One aspect of UK economy hit hardest by the pandemic was the job market, but it’s finally showing signs of recovery.
Figures collected by the Office for National Statistics and reported by the BBC showed that in June there were 862,000 jobs advertised, a rise of 77,500 compared to the first three months of 2020. Whilst we should express caution over the accuracy of this data, it undoubtedly reflects a positive shift for the UK employment industry after the uncertainty of the pandemic and lockdowns.
But what industries are driving this? What effect is it having on employers? And what problems does a surge in demand for employment bring?
The BBC reports how the increase in job adverts has been driven partly by the easing of lockdown restrictions. It points to the reopening of hospitality industries, such as food and arts venues, as a factor in this. Reduced restrictions have also contributed to a rise in demand for retail jobs, as more people return to shops in person. This should hopefully help to reduce the numbers of young people, as the demographic hit hardest the pandemic, currently unemployed.
Unsurprisingly, the increase in demand for employment has also had a positive impact on UK payroll figures, which has seen an increase of 356,000 to 28.9 million. This is despite the ending of the furlough scheme, which will be phased out in September. As Xiaowei Xu from the Institute of Fiscal Studies points out, employers have already been paying workers by the furlough scheme, so it’s understandable that they want to retain them.
In fact, the BBC discloses how planned redundancies are at their lowest since 2015, with ten times fewer jobs at risk than this time 12 months ago. This reflects the ongoing trend reported by employers that planned redundancies have been falling since September 2020, even with the interruption of two lockdowns during this period.
But is this all good news for employers?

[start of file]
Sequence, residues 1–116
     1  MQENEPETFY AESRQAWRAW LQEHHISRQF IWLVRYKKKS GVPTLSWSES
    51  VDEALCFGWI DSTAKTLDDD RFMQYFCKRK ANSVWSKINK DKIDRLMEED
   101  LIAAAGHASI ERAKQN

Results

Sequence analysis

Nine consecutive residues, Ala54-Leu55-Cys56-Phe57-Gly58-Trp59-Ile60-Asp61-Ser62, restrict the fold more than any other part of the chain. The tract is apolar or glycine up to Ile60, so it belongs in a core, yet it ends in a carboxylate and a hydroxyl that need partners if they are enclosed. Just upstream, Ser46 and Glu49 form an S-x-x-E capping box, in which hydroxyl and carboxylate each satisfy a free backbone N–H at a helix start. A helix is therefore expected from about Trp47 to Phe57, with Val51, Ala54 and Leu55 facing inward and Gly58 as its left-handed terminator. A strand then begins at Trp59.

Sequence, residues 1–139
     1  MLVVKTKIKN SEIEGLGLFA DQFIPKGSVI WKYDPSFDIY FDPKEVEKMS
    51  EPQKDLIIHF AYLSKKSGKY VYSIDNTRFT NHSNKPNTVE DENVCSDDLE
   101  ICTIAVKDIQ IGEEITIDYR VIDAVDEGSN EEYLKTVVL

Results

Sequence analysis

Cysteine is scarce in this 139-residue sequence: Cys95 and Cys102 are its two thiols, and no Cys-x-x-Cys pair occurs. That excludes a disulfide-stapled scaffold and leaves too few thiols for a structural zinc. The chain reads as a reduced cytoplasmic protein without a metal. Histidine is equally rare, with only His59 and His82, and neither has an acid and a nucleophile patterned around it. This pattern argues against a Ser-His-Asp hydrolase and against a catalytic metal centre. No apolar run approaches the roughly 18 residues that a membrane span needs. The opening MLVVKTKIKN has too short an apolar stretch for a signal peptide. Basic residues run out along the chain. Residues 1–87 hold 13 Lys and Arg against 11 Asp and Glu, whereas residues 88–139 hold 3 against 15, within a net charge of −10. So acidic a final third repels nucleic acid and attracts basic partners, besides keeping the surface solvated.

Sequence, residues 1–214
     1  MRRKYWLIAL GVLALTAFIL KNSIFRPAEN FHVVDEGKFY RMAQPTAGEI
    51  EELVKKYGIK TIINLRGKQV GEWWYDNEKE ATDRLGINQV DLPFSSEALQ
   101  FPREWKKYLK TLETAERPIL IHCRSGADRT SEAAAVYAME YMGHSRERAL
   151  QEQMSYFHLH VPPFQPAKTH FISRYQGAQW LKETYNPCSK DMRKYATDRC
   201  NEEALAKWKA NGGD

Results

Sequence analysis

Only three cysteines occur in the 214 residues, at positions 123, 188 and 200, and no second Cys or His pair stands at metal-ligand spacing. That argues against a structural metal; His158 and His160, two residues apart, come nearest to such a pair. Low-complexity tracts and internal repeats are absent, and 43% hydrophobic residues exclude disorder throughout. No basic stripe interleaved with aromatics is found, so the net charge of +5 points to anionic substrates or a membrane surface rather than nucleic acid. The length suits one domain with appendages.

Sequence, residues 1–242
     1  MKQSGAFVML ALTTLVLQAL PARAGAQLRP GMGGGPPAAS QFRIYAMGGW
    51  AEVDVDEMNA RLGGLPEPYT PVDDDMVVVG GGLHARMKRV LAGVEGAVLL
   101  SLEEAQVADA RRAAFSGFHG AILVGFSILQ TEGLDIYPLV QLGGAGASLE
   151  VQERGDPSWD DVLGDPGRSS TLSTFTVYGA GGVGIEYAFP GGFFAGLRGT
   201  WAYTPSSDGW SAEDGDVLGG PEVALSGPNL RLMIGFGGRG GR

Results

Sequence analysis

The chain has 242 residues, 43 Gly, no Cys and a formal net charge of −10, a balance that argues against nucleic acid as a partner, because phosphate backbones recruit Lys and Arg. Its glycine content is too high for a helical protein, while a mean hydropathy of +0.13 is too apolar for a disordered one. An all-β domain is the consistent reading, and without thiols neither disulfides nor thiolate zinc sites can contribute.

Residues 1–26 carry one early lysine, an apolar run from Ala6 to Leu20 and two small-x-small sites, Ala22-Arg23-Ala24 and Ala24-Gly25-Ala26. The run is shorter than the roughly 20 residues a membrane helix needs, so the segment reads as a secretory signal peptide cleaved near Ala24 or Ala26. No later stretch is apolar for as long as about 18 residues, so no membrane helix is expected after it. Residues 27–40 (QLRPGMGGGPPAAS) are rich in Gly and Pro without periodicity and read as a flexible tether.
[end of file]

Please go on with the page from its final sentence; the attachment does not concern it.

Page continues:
Rising demand for employment does not guarantee filled posts, and there have been numerous news reports suggesting that positions are being left vacant. As a result, employers are having to think outside the box to find applicants.
To overcome this, employers should be more creative in their job advertisements, to find people in what is already a competitive market.
So what is the long-term impact of COVID-19 on employment?
Hopefully, shortages should only be temporary and confined to a few sectors, but there’s no guarantee that the job market will ever return to its pre-pandemic status. For example, will people want to take jobs in hospitality or the arts, after the uncertainty those sectors have faced in the past year? The pandemic will live fresh in the memory for many for a long time yet.
Also, lockdowns have had a big impact on our habits, including a seismic shift to online shopping. So, whilst the retail sector is posting advertisements, will there be enough people to take them? And if they do, will this only be a short-term solution to employment levels, as more shops on our high streets inevitably face problems? In years to come, we could see a number of people retraining or entering new sectors, to provide job security.
And what about the IT sector?
Job vacancies are also on the increase in the IT sector, but this isn’t something caused by the relaxation of restrictions. Vacancies have instead been on a sharp upward trajectory since the beginning of the pandemic. In fact, in a recent report conducted by the CIPD and reported by Computing, ICT is the sector with the biggest number of vacancies, beaten only by healthcare.
Rhona Carmichael, Regional Managing Director UK North and Ireland at Harvey Nash, in discussion with Computing, claims that the current problems in the IT recruitment industry is “the worst she’s seen”.
But what factors are causing these recruitment difficulties? Carmichael identifies how candidates increasingly want to choose how they work, such as remotely or in a hybrid format, as well a drive towards taking jobs with companies that share their vision and values, are making the IT recruitment market increasingly competitve.
Consequently, salaries for IT professionals are rising rapidly, jobs are being accepted quicker, and employers are having to work harder to create a rapport with candidates just to get their offers accepted.
And this isn’t just a problem in the UK. Jacqueline de Rojas, President of techUK, states how the difficulty in IT recruiting has now become a global problem, and identifies how “the skills gap and the talent gap has widened”.
We’d love to hear from you so if you are struggling to fill posts in your organization, feel free to get in contact and share your challenges.